This week is my first week with the team I’m going to be working with for the next few months. I started on the last day of sprint 28, which was also my predecessor’s last day. This week we setup sprint 29 and I broke the golden rule of not changing anything in the first sprint.
Calculating Sprint Capacity
I took a look at the historical data for the team’s velocity. The average had more than halved in the last four sprints, and sprint 28 had delivered 0 points of value. I took their average as of sprint 27 (34 points) and did some truly awful maths that I am in no way advocating. However, sometimes we have to remember that predictions are just estimates and we have to do the best with the data that we have. We lost one day of the two weeks allocated to the sprint, we had some planned absence, and many meetings. Here’s how I calculated the amount of points they should initially take into sprint 29.
3.4 points per day (34 points average / 10 sprint days)
0.5 points per person per day (3.4 points per day / 6 technical team members = 0.566)
6 days in sprint (8.5 days remaining – 1 day for meetings – 1.5 days for team swapping)
33 man days (One technical team member off for one week, so calculated man days per week ((5 technical * 3 days) + (6 technical * 3 days)))
17 points capacity for sprint 29 (33 * 0.5)
Seventeen points didn’t sound like much, but it was a good starting point for the sprint. I would rather see a team deliver more points than predicted than fewer. The delivery of work during a sprint is how a team becomes predictable and therefore builds trust with their customer. In Scrum, the work that is brought into a sprint should be completed in the sprint. The PO should be able to provide assurance to stakeholders that once work is brought into a sprint that it will be delivered by the end. If a team brings in too much work, they cannot say with confidence which will and won’t be delivered. Don’t let anyone tell you that this concept is theoretical or old-fashioned, it is at the heart of having an iteration.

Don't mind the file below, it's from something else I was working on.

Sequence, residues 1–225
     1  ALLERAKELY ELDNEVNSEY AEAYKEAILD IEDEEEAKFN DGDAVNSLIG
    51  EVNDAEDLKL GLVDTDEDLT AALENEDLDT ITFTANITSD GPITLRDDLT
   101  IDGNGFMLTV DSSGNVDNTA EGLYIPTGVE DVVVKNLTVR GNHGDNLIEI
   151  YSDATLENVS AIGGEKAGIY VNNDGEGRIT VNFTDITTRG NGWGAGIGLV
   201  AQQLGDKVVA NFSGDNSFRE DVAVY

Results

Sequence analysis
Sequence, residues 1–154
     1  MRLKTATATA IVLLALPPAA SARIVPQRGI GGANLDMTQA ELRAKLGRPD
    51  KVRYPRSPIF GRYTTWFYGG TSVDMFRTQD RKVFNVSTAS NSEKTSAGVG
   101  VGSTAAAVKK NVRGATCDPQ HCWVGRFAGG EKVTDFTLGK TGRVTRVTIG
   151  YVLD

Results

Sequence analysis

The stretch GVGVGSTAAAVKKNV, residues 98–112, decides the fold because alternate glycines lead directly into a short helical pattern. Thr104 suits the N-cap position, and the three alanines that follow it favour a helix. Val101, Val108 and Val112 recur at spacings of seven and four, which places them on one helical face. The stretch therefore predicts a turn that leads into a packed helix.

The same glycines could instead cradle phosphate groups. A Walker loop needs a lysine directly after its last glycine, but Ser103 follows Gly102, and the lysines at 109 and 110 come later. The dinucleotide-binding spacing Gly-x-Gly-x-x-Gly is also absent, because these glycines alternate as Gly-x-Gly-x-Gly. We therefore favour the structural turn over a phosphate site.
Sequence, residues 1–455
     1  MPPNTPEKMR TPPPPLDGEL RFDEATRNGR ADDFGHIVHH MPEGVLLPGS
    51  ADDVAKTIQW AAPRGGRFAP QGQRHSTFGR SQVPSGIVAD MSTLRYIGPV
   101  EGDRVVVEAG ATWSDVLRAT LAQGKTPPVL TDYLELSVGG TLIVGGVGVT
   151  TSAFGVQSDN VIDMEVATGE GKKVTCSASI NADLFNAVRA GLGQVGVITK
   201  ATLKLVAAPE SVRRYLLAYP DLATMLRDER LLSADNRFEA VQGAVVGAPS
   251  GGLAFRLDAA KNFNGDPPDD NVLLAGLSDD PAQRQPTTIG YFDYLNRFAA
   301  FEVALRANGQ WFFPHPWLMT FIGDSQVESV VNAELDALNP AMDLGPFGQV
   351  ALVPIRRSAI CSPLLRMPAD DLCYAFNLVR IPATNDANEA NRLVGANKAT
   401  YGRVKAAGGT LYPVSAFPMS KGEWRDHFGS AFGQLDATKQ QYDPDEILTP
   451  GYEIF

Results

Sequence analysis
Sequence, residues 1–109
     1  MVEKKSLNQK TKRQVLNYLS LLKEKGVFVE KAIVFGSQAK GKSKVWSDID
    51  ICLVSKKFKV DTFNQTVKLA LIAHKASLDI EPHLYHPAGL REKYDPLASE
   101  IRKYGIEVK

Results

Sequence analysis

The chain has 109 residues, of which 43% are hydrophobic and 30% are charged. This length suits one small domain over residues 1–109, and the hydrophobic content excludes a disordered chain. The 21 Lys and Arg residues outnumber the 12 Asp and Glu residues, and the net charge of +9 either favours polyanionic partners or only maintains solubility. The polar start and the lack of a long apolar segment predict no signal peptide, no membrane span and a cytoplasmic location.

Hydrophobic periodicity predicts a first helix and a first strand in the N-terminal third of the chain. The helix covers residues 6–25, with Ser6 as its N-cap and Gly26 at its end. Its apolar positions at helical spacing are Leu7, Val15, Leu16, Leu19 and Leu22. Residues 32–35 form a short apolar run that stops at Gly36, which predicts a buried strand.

Making Sense of the Board
When we went to the radiation board to start planning I found that it wasn’t empty. I couldn’t tell what was a story, what was a non-sprint task, and what was to do with the release. I understand that during a transition to agile a team won’t be doing everything to a high standard and I was thrilled to see that they were putting as much as possible on their board, but if I couldn’t tell what was going on I doubted that anyone else could. During the first sprint I’m with a team I try not to change anything so that I can evaluate where they currently are. I wanted to tidy up this board so that it was useful whilst making the minimal impact.
By looking through the tickets I found three broad categories of work being described. First, tickets in sprint that were to be delivered by the end of the iteration. Second, tickets that were for reoccurring tasks that the team does each sprint. Third, tickets that tracked the progress of a release. I added a fourth swim lane for tickets to be expedited through the system.
The next challenge was what to do with the tickets that had made it to done in the previous sprint, but hadn’t been released yet. For these, I created an area at the bottom of the board with two sections; waiting for release and released.
We’re now half way through the sprint. We’ve completed one of the tickets that remained from sprint 28, and we’ve brought in a couple of defects to do with the same area of the code base. The other remaining ticket has progressed well through development and should start making progress across the board on Monday. Any concerns that I had earlier in the week about how little we had in sprint were well founded. We will need to bring extra work in next week, but that means that the team will be over delivering and that can only be a good thing.